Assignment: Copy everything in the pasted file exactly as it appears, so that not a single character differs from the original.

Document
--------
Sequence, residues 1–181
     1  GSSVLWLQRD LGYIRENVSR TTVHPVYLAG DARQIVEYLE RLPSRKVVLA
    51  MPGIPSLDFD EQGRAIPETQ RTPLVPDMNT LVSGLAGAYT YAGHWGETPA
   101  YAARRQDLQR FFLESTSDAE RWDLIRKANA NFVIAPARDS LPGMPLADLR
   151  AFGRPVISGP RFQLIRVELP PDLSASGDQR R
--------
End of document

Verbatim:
Sequence, residues 1–181
     1  GSSVLWLQRD LGYIRENVSR TTVHPVYLAG DARQIVEYLE RLPSRKVVLA
    51  MPGIPSLDFD EQGRAIPETQ RTPLVPDMNT LVSGLAGAYT YAGHWGETPA
   101  YAARRQDLQR FFLESTSDAE RWDLIRKANA NFVIAPARDS LPGMPLADLR
   151  AFGRPVISGP RFQLIRVELP PDLSASGDQR R